When the Eagles walk out onto the field at U.S. Bank Stadium to take on the Patriots in Super Bowl LII, they’ll be led by born-again quarterback Nick Foles, who nearly retired in 2015 and might have become a high school pastor before giving the NFL a second chance.
Foles, who is starting for the Eagles in place of the injured Carson Wentz, isn’t the first backup quarterback to start in the Super Bowl. But he may just be the most inconsistent, which will either end in excitement or heartbreak for a city desperate for their team to bring home their first Lombardi Trophy.
Just look at the 2016 season. After stepping in for the injured Wentz in Week 14, he casually tossed four touchdown passes in a 32-39 win over the Giants. But the following week, he threw for just 163 yards and a terrible 59.4 passer rating in a 19-10 win against a soft Oakland Raiders team that was 26th in the league against the pass.
In the final game of the season, a meaningless 6-0 loss to the Cowboys, Wentz was terrible in his limited playing time, completing four of 11 passes in four lackluster drives for only 39 yards, and one interception. His quarterback rating? 9.3.
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Foles said the two poor outings didn’t hurt his confidence, and it certainly appears he was right. Embracing the run-pass option, Foles had a solid (if unsparing) game against the Falcons, where he completed over 76 percent of his passes in a close 15-10 win. But against the Vikings, Foles found a version of himself that wasn’t afraid to throw a deep ball or two down the field. The result? A 38-7 romp behind Foles’ three touchdown passes, leading the Eagles to their first Super Bowl since 2005.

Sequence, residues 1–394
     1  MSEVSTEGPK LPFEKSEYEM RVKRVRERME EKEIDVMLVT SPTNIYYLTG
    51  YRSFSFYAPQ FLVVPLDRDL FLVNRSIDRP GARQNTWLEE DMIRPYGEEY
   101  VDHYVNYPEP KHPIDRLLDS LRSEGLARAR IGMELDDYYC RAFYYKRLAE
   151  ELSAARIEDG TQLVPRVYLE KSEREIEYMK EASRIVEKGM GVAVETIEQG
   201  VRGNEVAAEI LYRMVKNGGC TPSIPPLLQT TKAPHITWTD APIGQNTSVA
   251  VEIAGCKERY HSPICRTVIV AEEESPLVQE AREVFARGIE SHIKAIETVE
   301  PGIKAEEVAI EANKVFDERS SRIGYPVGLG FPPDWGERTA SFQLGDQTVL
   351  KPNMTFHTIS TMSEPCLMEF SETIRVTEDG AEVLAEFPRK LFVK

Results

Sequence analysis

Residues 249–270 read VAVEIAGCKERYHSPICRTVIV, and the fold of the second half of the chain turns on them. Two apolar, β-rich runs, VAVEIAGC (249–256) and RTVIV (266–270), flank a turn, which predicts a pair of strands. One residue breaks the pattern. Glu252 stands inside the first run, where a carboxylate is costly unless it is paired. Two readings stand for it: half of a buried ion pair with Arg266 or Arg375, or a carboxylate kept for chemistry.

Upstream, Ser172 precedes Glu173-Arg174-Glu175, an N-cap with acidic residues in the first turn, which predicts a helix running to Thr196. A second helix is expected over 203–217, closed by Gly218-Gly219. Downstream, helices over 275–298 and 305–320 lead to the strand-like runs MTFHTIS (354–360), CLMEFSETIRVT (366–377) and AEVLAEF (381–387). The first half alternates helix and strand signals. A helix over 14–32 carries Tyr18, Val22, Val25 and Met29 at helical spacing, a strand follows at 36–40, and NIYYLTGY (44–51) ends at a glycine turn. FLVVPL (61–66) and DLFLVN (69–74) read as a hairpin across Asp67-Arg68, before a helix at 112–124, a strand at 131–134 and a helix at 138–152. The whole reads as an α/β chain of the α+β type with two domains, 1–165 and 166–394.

This has always been the way of Foles. He famously threw 27 touchdown passes (seven in just one game) and just two interceptions in 2013 during a spectacular first season starting in place of the injured Michael Vick. But in 2014, the Eagles went 6-2 to start the season, but it was largely in spite of Foles, where his three just 13 touchdown passes and posted a 81.4 passer rating before being shut down with a collarbone injury.
In 2015, he went 4-7 as a starter for the Rams, posting a less-than-stellar 69.0 passer rating. and throwing more interceptions (10) than touchdowns (7). In 2016, he only made it into two games as a backup quarterback for the Jaguars, and true to form, he played well. He posted a 105.9 passer rating (on just 55 pass attempts).
So yeah, Foles is inconsistent. He’s also not Wentz. For instance, Foles is no where near as good under pressure as Wentz was. Foles’s passer rating under pressure was 23.8, compared to Wentz’s 81.7 passer rating. And when Foles is under center and his team is trailing with four minutes or less to go, his completion rate plummets to 46 percent with a 64.8 passer rating, according to the Washington Post.
So what does that tell us? Well, for starters it means the Patriots probably had to game plan for two different Nick Foles, which could work to the advantage of the Eagles. Plus, if the Eagles defense puts pressure on Brady, Foles won’t have to come close to winning the game on his own. Instead, he could easily Trent Dilfer his way to a Super Bow ring.
On top of that, the Philadelphia Inquirer crunched some numbers and concluded that Foles vs. Brady is the second-worst quarterback matchup in the history of the Super Bowl. The first? Vince Ferragamo vs. Terry Bradshaw in Super Bowl XIV.
Let’s not forget that a deal means the Eagles have to deal with whichever Nick Foles shows up to play. Frankly, I’m shocked there’s no prop bet about it. — Rob Tornoe.